A lengthy federal election and interest rate rises may have slowed Canberra’s progress as 2010 drew to a close, but its continuing undersupply will fuel slow and steady growth this year.
Activity in Canberra’s property market may have slowed somewhat towards the end of 2010, but this is one property market that largely managed to escape the volatility that affected much of the country last year.
“Canberra’s been a very strong market for a while. It has very low unemployment rates, it’s the nation’s capital and it gets a lot of support from its political base. Growth did fall off during 2010, and this is all about first homebuyer activity and interest rate rises knocking sentiment a bit on the head,” explains APM senior economist Andrew Wilson.
PRDnationwide’s research director Aaron Maskrey sees a quiet year ahead in terms of buyer activity, and predicts that capital growth will drop to around a modest 6% per annum.
“Activity levels are unlikely to pick up until the end of 2011. With interest rates set to steadily increase over 2011, potential buyers will not feel rushed to return to the market,” he says.
Wilson, however, sees the Canberra market hotting up well before the end of the year as investors recognise the potential for solid returns.
“I would expect Canberra to continue onwards and upwards more consistently. It’s got a small population base, and is not as reliant as WA and Darwin
are on resources. In terms of price growth, it will probably start to rise past the March quarter,” he says. “There are stock shortages in Canberra, so rentals are reasonably high and so is competition for rental properties.”
Real Estate Institute of ACT president Michael Wellsmore also points to the undersupply situation as a major reason why the ACT’s property market should remain steady this year, especially when combined with the territory’s above average per capita income.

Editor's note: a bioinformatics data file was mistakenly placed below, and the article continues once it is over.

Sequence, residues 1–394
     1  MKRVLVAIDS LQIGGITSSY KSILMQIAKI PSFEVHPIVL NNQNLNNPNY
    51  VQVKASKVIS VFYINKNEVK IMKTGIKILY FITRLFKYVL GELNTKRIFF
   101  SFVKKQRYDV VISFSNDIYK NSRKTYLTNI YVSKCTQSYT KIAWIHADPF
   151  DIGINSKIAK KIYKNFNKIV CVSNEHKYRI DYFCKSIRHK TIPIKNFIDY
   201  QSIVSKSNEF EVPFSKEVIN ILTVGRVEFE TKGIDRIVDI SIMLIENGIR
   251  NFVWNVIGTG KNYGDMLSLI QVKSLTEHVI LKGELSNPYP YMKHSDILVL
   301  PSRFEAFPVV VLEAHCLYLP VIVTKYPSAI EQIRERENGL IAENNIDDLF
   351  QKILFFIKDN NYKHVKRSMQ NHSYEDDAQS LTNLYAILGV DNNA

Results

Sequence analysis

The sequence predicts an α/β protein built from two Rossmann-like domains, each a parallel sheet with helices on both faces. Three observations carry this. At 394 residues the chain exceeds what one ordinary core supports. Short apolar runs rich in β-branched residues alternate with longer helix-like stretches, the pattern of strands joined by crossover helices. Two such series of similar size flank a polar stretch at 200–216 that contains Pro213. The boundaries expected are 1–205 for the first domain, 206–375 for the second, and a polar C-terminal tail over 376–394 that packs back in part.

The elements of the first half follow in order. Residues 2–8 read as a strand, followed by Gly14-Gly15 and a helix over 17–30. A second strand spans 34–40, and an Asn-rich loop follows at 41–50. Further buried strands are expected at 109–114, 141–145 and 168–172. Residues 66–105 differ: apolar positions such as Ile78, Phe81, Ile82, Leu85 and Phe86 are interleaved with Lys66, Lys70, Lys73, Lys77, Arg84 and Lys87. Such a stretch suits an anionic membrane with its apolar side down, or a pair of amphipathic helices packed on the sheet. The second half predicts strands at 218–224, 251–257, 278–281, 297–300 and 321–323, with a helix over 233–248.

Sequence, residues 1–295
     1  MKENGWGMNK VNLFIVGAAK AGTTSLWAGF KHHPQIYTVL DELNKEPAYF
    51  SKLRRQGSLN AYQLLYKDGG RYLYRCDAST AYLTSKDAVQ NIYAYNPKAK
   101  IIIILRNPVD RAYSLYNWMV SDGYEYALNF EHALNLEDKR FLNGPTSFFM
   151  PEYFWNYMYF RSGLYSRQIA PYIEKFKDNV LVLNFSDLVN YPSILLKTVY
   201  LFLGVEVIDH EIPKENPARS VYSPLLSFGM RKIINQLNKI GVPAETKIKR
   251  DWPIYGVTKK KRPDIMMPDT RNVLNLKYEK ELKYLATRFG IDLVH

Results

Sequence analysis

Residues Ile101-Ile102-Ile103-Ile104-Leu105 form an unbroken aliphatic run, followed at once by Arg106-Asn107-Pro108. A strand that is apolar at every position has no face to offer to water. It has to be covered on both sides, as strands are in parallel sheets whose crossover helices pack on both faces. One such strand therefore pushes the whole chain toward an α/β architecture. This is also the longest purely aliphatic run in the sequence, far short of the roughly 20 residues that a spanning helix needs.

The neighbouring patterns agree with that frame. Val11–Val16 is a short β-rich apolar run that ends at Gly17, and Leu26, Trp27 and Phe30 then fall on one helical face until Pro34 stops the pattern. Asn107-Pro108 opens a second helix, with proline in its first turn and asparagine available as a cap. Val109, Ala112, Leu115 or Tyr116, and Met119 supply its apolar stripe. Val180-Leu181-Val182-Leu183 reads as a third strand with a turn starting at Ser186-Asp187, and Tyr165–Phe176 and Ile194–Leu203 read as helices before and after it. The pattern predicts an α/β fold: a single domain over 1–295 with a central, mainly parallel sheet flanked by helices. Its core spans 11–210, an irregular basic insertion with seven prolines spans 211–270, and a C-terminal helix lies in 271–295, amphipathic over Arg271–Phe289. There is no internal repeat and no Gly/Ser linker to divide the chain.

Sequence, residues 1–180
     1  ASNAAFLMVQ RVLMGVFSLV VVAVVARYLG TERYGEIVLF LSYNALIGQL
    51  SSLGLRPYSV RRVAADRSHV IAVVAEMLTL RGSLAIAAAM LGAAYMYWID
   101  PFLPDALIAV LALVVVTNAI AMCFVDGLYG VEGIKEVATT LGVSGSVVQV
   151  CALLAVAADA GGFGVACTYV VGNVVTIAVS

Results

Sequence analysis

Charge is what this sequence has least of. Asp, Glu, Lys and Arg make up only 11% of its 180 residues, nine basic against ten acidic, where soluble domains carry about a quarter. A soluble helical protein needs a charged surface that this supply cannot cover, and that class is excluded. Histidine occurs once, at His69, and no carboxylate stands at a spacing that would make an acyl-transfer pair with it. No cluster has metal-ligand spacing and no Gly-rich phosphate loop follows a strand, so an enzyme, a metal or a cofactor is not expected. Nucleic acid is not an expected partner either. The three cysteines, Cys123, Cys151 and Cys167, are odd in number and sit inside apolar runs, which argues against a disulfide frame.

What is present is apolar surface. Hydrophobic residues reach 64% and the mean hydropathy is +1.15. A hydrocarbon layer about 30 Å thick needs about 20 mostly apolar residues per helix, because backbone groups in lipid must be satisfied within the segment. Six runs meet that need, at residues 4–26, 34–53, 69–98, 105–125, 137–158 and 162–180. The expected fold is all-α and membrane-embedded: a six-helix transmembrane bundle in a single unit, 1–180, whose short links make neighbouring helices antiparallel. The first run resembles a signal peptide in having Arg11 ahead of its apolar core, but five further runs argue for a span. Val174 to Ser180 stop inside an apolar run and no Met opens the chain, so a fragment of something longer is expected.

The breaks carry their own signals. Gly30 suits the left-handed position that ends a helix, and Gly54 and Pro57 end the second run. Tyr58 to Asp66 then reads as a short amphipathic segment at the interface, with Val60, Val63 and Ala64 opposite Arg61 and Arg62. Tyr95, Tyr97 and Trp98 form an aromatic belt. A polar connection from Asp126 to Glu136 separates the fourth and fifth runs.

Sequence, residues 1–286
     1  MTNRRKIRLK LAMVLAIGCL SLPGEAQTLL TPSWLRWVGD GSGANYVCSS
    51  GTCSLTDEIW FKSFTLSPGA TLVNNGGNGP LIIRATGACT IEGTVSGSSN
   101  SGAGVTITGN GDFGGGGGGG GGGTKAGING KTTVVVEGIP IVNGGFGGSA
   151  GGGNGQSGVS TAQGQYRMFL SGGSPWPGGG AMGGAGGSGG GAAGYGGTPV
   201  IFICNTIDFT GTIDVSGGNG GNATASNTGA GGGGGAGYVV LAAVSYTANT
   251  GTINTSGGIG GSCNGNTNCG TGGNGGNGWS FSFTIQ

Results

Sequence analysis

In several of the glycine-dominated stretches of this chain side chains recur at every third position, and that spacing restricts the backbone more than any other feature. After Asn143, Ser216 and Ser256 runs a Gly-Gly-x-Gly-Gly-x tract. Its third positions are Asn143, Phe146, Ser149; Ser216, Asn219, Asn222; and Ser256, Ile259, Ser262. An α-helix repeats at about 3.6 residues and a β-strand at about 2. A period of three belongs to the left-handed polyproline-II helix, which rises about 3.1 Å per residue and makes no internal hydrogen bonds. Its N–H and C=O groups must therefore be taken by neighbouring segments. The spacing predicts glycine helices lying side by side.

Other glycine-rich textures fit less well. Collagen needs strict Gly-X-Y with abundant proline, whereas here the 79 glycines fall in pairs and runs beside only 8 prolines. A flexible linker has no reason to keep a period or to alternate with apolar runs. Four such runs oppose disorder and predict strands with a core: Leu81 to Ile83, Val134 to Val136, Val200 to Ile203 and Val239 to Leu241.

“We’ve not suffered the problems that some of the other markets have,” he says. “The drivers here are an undersupply and people with good capacity to service their mortgages.”
In response to the undersupply issue, the Canberra authorities have been releasing land for new developments to get underway, and these new opportunities have been snapped up by investors, says Wellsmore.
With neighbouring Queanbeyan suffering from severe flooding at the end of 2010, investors may be wondering if the recent catastrophic flooding in Queensland will have a knock-on effect in the ACT. Wellsmore points out that the physical effects of the Queensland downpour shouldn’t take hold in Canberra, but that the economic repercussions might be felt.
“The effects of the Queensland floods are unlikely to directly affect the ACT. However, there are the considerations that will arise because of the financial markets being impacted and the availability of building supplies,” he says.
“The increased demand for building materials in Brisbane may be higher now over the next 12 to 24 months. If the increase in activity in Brisbane pushes the inflation button, then of course this may add pressure for interest rates and that would have an effect on the broader property market.”
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